A new contract for Jay Leno, a new series for Patty Duke, a new movie for Farrah Fawcett, and some encouraging words for "Homicide."
NBC, the last-place network, brought much news yesterday to its meeting here with TV critics from across the country. The biggest was it's sticking with Jay Leno for at least two more years in the late-night war.
The official announcement from NBC Entertainment President Warren Littlefield said only that Leno and NBC had agreed to extend Leno's contract "for several years."
But sources at the network said the deal involves extending the contract, which either side could have ended in March, for two more years, through March 1996.
The contract is a major vote of confidence, and an ebullient Leno was on stage with Littlefield to answer questions about the deal.
"Let's see, last time we were together,you thought NBC was going to announce that I was fired," Leno said, referring to last January when NBC was deciding in a very public way whether to stick with Leno or David Letterman.
"Well, I survived," Leno said.
When asked if there was a raise in salary from the $4 million a year he is currently being paid, Leno said, "No, but I was given a beautiful, suede bag."
Among the talk shows, Leno finishes second to "The Late Show With David Letterman" on CBS. While Leno is averaging a 5.1 rating, Letterman is averaging about a 6.2 rating (each ratings point equals about 940,000 TV homes).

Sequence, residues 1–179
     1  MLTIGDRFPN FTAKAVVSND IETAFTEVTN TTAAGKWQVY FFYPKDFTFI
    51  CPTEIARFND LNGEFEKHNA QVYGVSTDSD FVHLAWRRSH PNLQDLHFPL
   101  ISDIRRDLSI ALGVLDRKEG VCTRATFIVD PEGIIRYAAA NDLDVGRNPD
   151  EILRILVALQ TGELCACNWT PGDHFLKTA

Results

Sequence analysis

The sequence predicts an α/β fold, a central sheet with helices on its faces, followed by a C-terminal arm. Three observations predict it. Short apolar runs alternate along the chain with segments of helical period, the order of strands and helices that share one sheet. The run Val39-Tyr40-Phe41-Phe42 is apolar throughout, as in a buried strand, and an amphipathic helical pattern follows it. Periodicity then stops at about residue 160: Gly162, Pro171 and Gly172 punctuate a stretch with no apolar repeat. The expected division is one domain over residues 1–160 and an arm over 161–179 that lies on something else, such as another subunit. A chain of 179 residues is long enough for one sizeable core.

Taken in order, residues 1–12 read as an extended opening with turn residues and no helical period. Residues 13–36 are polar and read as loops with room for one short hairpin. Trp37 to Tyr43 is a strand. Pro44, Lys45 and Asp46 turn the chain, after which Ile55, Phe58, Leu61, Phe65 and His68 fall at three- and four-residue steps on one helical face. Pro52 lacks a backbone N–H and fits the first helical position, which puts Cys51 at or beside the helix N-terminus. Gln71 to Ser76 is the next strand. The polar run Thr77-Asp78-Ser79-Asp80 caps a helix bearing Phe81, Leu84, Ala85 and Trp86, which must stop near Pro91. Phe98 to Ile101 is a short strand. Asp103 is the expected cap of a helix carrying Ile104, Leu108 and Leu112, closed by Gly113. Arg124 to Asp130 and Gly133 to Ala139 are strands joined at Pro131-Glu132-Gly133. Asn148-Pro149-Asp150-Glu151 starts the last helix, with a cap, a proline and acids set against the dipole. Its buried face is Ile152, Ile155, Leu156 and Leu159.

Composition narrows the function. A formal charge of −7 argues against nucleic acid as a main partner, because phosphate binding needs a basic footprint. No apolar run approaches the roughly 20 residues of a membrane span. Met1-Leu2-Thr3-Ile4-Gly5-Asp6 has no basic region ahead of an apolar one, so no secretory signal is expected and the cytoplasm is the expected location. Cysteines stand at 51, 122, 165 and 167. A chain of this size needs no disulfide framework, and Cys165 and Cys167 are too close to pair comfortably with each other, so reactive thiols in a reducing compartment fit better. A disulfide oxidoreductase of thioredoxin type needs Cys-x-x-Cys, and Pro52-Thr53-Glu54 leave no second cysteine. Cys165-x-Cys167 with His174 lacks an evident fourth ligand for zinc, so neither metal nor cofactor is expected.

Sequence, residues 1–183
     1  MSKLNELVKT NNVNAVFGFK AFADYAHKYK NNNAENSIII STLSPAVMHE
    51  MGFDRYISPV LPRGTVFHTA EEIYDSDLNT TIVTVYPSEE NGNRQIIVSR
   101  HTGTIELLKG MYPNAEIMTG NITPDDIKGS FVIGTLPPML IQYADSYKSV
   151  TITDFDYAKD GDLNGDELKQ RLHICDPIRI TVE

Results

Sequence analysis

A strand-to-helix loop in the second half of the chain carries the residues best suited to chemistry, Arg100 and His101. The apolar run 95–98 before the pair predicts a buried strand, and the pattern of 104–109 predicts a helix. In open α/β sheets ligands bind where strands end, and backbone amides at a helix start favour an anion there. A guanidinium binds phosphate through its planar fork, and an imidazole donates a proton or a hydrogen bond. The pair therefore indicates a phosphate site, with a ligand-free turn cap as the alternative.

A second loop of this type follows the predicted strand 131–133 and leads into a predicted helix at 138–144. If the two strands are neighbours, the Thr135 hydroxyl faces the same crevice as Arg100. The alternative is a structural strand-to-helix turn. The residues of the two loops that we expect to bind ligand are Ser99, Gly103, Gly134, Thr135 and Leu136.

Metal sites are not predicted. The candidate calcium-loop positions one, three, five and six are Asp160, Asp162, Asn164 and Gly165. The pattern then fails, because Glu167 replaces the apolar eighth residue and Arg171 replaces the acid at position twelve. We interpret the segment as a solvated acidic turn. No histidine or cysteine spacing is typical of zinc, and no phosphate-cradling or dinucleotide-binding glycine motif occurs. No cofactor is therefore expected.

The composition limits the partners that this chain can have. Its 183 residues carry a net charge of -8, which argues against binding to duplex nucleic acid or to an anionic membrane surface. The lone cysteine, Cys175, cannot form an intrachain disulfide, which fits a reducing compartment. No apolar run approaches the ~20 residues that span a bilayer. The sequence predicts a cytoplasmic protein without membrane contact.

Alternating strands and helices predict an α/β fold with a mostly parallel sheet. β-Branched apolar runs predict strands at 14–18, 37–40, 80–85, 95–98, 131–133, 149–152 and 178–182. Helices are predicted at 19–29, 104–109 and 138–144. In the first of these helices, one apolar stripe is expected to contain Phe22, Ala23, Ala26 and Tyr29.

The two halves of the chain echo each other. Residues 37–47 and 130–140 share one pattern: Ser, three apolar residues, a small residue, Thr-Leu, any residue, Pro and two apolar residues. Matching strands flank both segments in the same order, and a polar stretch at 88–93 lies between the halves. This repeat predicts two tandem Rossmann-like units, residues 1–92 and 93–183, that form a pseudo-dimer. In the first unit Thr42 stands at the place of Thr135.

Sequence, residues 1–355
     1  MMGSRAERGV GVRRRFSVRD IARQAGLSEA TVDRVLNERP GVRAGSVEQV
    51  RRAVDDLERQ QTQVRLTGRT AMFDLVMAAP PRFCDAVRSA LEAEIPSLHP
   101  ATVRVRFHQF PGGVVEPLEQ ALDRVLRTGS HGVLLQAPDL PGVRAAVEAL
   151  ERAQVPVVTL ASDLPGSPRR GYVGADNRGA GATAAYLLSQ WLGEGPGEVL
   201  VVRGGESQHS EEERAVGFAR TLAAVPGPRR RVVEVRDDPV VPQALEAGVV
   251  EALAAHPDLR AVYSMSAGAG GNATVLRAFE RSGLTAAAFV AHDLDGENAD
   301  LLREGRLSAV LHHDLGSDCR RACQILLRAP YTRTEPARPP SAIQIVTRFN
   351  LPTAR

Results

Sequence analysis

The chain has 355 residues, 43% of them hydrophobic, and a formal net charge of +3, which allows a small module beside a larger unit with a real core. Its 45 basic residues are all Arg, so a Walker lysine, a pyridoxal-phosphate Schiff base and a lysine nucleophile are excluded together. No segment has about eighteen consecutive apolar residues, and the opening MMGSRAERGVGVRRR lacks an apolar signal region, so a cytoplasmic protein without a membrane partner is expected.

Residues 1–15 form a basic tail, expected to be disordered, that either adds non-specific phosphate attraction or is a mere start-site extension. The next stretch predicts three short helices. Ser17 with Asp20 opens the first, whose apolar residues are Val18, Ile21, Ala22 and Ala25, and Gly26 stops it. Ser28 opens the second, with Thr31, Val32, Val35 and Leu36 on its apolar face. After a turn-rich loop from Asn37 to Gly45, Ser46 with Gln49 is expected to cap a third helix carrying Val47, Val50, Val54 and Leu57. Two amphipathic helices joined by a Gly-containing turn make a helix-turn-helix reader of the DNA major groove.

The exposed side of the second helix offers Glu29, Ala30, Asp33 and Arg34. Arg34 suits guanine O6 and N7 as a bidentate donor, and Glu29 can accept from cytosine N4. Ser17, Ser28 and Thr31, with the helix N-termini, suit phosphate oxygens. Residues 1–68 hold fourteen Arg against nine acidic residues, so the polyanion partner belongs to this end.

Overall, Leno finishes third in late night behind "Nightline" on ABC, which averages about a 5.8 rating.
"The competition has made everybody better. . . . David is excellent, Ted Koppel's excellent. More people than ever are watching late night," Leno said.
"Look, both NBC and CBS are making tremendous amounts of money off the two shows. . . . It's a great fight, and it's great fun."
Leno said he is starting to feel more comfortable in the "Tonight Show" chair, and, as a result, is taking more chances on air.
"I just have more confidence. At first, I'd sit there and think, 'Do I want to take a chance and do this bit or should I just talk to Tina Louise for another 12 minutes.' Now we're going for it."
Patty Duke also appeared with Littlefield yesterday to announce that she would star in a new hourlong dramatic series starting in the fall on NBC. In the yet-untitled show, she will play a minister living in the Pacific Northwest.
Duke, an Oscar winner, said she "didn't want to do a TV series," but when NBC agreed to film in Idaho where she lives, it apparently was too good an offer to pass up.
Littlefield said, "The lack of a show about religion on TV is a funny void . . . when you consider that there are 50 million families in some form of worship every week."
Littlefield offered no details on Fawcett's new made-for-TV movie,except to say that its title is "The Substitute," it's a western and that it will air in May.
But the announcement Littlefield seemed most excited about yesterday involved the overnight ratings for "Homicide," the cop drama set in Baltimore.
The show scored an 18 rating Thursday night, which translates to about 17 million TV homes.
"That's an outstanding debut. I was just on the ceiling when I saw those numbers," Littlefield said.
But in response to several questions about what NBC plans for "Homicide" beyond the four episodes airing this month, Littlefield was noncommittal.
"We went with the Robin Williams episode first because we believed it would get people into the tent," Littlefield said.
"Nothing would make me happier than a successful run for this series. . . . I'm very encouraged by the debut . . . but we'll have to see what happens. . . . We'll look at all four episodes and hope the audience is there. . . . Then we'll make a decision."